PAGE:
One night, my kitten Ophelia climbed into my bed and began meowing and purring as if she were in pain. I scratched under her neck to comfort her and felt a small lump, but I assumed that the problem could wait until morning and went back to sleep. The next morning, I work up to find her listlessly lying on the floor with a baseball-sized swelling that stretched from her chin to her clavacle. I rushed her to the vet and learned that she had developed an abscess– a painful collection of pus caused by a bacterial infection.
Abscesses in cats have a variety of causes and symptoms; a veterinarian will choose a treatment option based on the severity of the infection and the cat’s medical history. If you believe that your cat has an abscess, take him the the veterinarian for an immediate evaluation. As I learned from Ophelia’s experience, a small abscess can quickly become serious. In some cases, the abscess can cause a life-threatening fever or a systemic infection.
Ophelia’s veterinarian explained that almost all abscesses in cats are caused by wounds from fighting with other animals. A cat’s claws and teeth are loaded with pathogenic bacteria; during an altercation, they inject these bacteria into the skin and soft tissues of an enemy. In some cases, these infected injuries are unintentional– Ophelia’s wound was inflicted during a play-battle with my other cat. Take precautions to minimize your cat’s exposure to aggressive or overly playful companions.
After a puncture wound, bacteria gather underneath the cat’s skin and begin reproducing. To prevent the infection from spreading to the bloodstream, the cat’s immune system draws white blood cells to the area and creates a pocket. This results in a massive amount of swelling and pain for the animal. While this defensive mechanism can prevent or delay the onset of a systemic infection, it is inherently painful for the cat and often causes a high fever. Cats whose immune systems are compromised by feline immunodeficiency virus (FIV) are more likely to develop abscesses.
A sensitive owner may notice the symptoms of an abscess before it is large enough to visibly detect. Ophelia was tired and vocal the day before her abscess became serious; had I looked on her neck, I probably would have seen early signs of the abscess. In most cases, abscesses take several days to become serious, but they may develop within a matter of hours or even minutes. If you know that your cat has had a puncture wound, monitor her carefully to watch for the signs of an abscess.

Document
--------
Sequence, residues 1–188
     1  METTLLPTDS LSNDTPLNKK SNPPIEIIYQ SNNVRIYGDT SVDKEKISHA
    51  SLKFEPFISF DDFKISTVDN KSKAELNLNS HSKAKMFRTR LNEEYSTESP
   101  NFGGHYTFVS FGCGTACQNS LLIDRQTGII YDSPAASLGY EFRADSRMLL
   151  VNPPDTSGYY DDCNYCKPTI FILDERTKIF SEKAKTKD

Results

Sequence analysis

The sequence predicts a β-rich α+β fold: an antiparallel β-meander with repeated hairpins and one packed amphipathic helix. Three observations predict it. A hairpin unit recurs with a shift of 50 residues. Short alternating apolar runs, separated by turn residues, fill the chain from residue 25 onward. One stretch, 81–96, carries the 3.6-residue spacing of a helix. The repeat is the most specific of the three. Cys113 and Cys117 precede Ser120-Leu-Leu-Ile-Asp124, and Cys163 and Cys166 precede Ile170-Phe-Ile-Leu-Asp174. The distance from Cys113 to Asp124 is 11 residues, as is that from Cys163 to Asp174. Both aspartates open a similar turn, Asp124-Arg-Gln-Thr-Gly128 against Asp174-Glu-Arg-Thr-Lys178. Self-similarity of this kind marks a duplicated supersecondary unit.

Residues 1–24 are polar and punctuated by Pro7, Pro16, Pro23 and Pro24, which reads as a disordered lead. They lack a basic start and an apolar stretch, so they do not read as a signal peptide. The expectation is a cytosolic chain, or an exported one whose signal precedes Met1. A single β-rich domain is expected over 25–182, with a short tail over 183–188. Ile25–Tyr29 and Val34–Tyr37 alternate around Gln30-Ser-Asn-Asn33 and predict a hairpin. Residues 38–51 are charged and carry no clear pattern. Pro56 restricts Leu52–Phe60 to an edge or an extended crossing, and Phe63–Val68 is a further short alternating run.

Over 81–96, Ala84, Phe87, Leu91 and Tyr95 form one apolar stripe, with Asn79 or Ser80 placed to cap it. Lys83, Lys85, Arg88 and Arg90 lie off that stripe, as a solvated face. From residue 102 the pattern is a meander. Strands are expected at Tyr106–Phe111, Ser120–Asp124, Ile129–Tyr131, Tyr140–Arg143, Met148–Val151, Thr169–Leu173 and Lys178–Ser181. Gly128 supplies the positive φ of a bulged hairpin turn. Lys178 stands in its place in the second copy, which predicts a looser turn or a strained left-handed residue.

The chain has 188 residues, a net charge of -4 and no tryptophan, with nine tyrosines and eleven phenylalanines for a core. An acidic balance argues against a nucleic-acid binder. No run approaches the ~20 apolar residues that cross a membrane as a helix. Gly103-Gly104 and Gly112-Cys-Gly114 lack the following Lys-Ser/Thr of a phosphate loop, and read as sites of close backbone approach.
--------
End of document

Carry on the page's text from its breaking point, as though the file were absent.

Abscesses in cats usually involve a round, puffy swelling; these are usually very tender and your cat may cry out if you touch the area. Often, the cat will pull his hair out around the area. There may or may not be a “head”, depending on how much the swelling has progressed and how well the cat’s immune system is handling the infection. An abscess that has already begun healing will leak a yellowish, brownish or whitish fluid; this mixture of blood and pus leaves the cat’s body as the healing process begins.
Treatment options for an abscess in a cat will depend on how severe the infection is. In the case of small abscesses, veterinarian-recommended home remedies may suffice to minimize the cat’s pain. If the abscess is smaller than a nickel and has already come to a head, apply hot wash cloths to the area to encourage the pus to drain. Tea tree oil applications may penetrate the skin and help to eliminate bacteria, but do not apply tea tree to an open wound. Oil of oregano and garlic– applied topically or taken internally– may also boost your cat’s immune system. While Ophelia’s infection was far too serious to treat exclusively with home remedies, I used these methods as complementary treatments.
If an abscess is large or not draining by itself, your veterinarian will probably lance and drain the abscess; he may need to sedate your cat to perform this simple surgery. A veterinarian may also give your cat a steroid such as hydrocortisone or prednisone to minimize pain and fever; these are usually given in the form of an injection. In most cases, the vet will give the injection of broad-spectrum antibiotics, particularly if the abcess is severe. My veterinarian prescribed a topical cream containing silver sulfadiazine; yours may prescribe oral antibiotics instead of– or in addition to– topical treatments. Carefully follow your veterinarian’s instructions to prevent the infection from recurring.
As your cat recovers from his abscess, use common-sense precaution to minimize pain and risk to him. Because Ophelia was left with a large, open wound, we had to keep her isolated from our toddler and our two other cats for a few days. After touching, dressing or examining the area of your cat’s abscess, be sure to thoroughly wash your hands with hot water and soap. Many forms of bacteria that infect cats can also be contagious to human beings. Contact your veterinarian for a follow-up appointment if your cat does not seem to be feeling normal after several days.